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Lactovac is used to immunise cows so that passive immunity is transferred to their calves (through the colostrum) to protect agaisnt the major causes of calf diarrhoea
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A suspension for injection, each 5 ml contains:
|Inactivated bovine rotavirus, strain 1005/78||at least 107.4 TCID50* inducing ≥ 1 RPU***|
|Inactivated bovine rotavirus, strain Holland||at least 107.0 TCID50* inducing ≥ 1 RPU***|
|Inactivated bovine coronavirus, strain 800||at least 105.8 TCID50* inducing ≥ 1 RPU***|
|Inactivated E. coli K99/F41, strain S1091/83||250-260 HAU** inducing ≥ 1 RPU***|
Each dose also contains aluminium hydroxide (60 mg) and saponin/Quil A (1 mg) as adjuvants and thiomersal (0.05 mg) as preservative.
* Tissue culture infective dose
** Haemagglutinating units
*** Relative potency unit; 1 RPU = antibody response in rabbit potency test not significantly lower than that obtained with a reference batch shown efficacious in cattle.
For the active immunisation of pregnant cows and heifers in order to confer passive protection to their calves (via colostrum) to reduce the severity and duration of neonatal diarrhoea caused by rotavirus, coronavirus and E. coli infections.
Protection is conferred only while the calves are fed colostrum from vaccinated cows.
5 ml by subcutaneous injection in the side of the neck, observing aseptic precautions.
All cows in a herd should receive two injections of 5 ml during the later stages of pregnancy, with an interval of 4-5 weeks between doses and allowing 2-3 weeks from the time of the second dose until the predicted date of calving.
During each subsequent pregnancy previously vaccinated cows should receive a single injection of 5 ml 2-6 weeks prior to predicted calving date.
In order to attain local passive immunisation within the intestine against neonatal diarrhoea, the newborn calves must receive sufficient quality colostrum and milk from the vaccinated dams during the first 10 to 14 days of life. For calves born to beef cows this can be achieved by allowing the calf to suckle naturally. Calves born to dairy cows often do not receive sufficient colostrum if suckled naturally, so artificial feeding of colostrum (e.g. via oesophageal tube feeders) should be used.
For optimal protection it has been shown that daily intake of colostrum is essential to the calf from birth to 2 weeks of age. All calves should be fed colostrum derived from the first milking, ideally within the first 6 hours of life. Calves should then either be left to suckle naturally for a minimum of 2 weeks or a colostrum feeding regime must be established. Any remaining quantities from the first milking and all the colostrum from the second milking should be pooled, aliquoted and stored deep frozen (-20ºC for a maximum of one year). Alternatively, these colostrum pools can be stored at about +4°C for about 2 weeks. Following the first suckling of colostrum from the dam by the calves, where the calves are separated from the dam, their feed must be supplemented with 500ml of pooled colostrum each day.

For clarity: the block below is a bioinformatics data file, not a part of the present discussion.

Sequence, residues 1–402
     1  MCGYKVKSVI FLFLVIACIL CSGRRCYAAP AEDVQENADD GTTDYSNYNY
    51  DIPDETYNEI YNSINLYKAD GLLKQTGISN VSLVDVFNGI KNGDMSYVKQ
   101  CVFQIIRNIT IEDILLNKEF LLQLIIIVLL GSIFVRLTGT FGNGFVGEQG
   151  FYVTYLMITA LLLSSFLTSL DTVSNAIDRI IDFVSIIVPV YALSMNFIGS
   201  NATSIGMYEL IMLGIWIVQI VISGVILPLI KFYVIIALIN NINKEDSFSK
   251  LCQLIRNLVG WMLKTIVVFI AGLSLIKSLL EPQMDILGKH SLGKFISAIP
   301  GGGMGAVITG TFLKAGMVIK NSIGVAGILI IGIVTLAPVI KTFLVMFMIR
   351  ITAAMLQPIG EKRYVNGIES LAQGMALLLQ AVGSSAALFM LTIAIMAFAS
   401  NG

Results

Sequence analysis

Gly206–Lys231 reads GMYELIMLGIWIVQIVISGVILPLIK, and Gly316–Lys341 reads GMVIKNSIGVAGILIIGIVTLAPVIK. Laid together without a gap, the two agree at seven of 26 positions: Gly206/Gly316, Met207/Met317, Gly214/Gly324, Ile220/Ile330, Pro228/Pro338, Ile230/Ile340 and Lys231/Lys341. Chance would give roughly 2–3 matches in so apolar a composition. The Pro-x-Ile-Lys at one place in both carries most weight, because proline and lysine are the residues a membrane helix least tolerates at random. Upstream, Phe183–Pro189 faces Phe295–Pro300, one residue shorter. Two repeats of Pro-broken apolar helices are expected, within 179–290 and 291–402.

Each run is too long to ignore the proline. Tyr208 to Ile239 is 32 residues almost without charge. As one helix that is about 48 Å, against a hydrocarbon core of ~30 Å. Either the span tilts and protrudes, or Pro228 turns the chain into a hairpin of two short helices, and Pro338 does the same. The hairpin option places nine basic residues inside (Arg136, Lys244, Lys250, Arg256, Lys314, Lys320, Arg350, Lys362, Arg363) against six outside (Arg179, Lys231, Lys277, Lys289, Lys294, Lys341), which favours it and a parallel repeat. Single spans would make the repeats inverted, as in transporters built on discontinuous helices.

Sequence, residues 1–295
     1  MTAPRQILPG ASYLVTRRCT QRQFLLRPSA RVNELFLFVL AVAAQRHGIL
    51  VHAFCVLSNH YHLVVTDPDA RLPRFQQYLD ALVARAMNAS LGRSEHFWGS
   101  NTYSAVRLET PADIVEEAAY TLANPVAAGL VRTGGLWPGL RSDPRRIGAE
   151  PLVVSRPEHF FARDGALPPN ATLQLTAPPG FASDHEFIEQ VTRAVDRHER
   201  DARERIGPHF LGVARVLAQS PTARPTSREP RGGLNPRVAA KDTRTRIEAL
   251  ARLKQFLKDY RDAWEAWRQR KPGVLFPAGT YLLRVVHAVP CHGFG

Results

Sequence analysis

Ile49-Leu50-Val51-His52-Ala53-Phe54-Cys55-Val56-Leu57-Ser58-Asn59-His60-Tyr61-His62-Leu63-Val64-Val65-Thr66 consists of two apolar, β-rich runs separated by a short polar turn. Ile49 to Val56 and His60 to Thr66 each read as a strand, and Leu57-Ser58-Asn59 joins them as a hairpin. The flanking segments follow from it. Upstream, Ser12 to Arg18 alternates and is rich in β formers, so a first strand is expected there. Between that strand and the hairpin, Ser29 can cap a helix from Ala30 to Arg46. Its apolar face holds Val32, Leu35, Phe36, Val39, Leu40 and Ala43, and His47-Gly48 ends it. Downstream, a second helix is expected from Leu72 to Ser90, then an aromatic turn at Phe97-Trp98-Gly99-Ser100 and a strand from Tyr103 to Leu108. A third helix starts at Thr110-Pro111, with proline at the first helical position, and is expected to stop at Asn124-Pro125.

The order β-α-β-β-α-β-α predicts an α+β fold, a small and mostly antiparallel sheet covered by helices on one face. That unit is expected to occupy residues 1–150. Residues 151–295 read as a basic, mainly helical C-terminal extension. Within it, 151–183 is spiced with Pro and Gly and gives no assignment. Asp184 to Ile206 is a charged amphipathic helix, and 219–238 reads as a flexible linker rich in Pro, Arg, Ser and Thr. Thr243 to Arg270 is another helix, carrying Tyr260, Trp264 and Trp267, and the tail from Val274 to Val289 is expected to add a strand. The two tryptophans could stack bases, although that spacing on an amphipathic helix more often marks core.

Do not use in animals which have intercurrent infection or are in poor nutritional status.
Immunisation may rarely result in temporary swellings at the injection site (ranging from small nodules of approximately 1 cm in diameter to swellings of 20 cm diameter in extreme cases). Typically, these swellings completely disappear or reduce to a negligible size within 2-4 weeks after vaccination, though in individual animals very small reactions remain longer. Additionally, a transient slight rise in body temperature normally decreasing to a non-significant level within one day may be expected.
The frequency of adverse reactions is defined using the following convention:
Only vaccinate immuno-competent animals.
Can be used during pregnancy.
No information is available on the safety and efficacy of this vaccine when used with any other veterinary medicinal product. A decision to use this vaccine before or after any other veterinary medicinal product therefore needs to be made on a case by case basis.
Do not mix with any other veterinary medicinal product.
In case of accidental self-injection, seek medical advice immediately and show the package leaflet or the label to the physician. People with known hypersensitivity to any of the components of the product should administer the product with caution.
Store in a refrigerator (+2°C to +8°C). Protect from frost.
Shelf-life after first opening the immediate package: 10 hours.
Keep out of the sight and reach of children.
For animal treatment only.
Cardboard box containing a 25 ml glass vial or 10 x 5 ml glass vials. Not all pack sizes may be marketed.
Neonatal diarrhoea in calves is caused by pathogens which are constantly present in the herd. For this reason proper control measures require that all pregnant cows and heifers in a herd must be included in the programme of immunisation. This is the only way in which the pressure of infection can be reduced.
Neonatal diarrhoea in calves is often associated with poor hygiene. Thus, general improvements in hygiene are important to support the effect of vaccination.
Diarrhoeal diseases can have many causes. The vaccine induces high levels of antibody in the colostrum and milk against rotavirus and coronavirus as well as against E. coli, i.e. against the principal pathogens of neonatal diarrhoea in calves.
The feeding of pooled colostrum is recognised as a potential factor in the spread of Johne’s disease. Please discuss with your veterinary surgeon if you are concerned.
Any unused veterinary medicinal product or waste materials derived from such veterinary medicinal product should be disposed of in accordance with local requirements.
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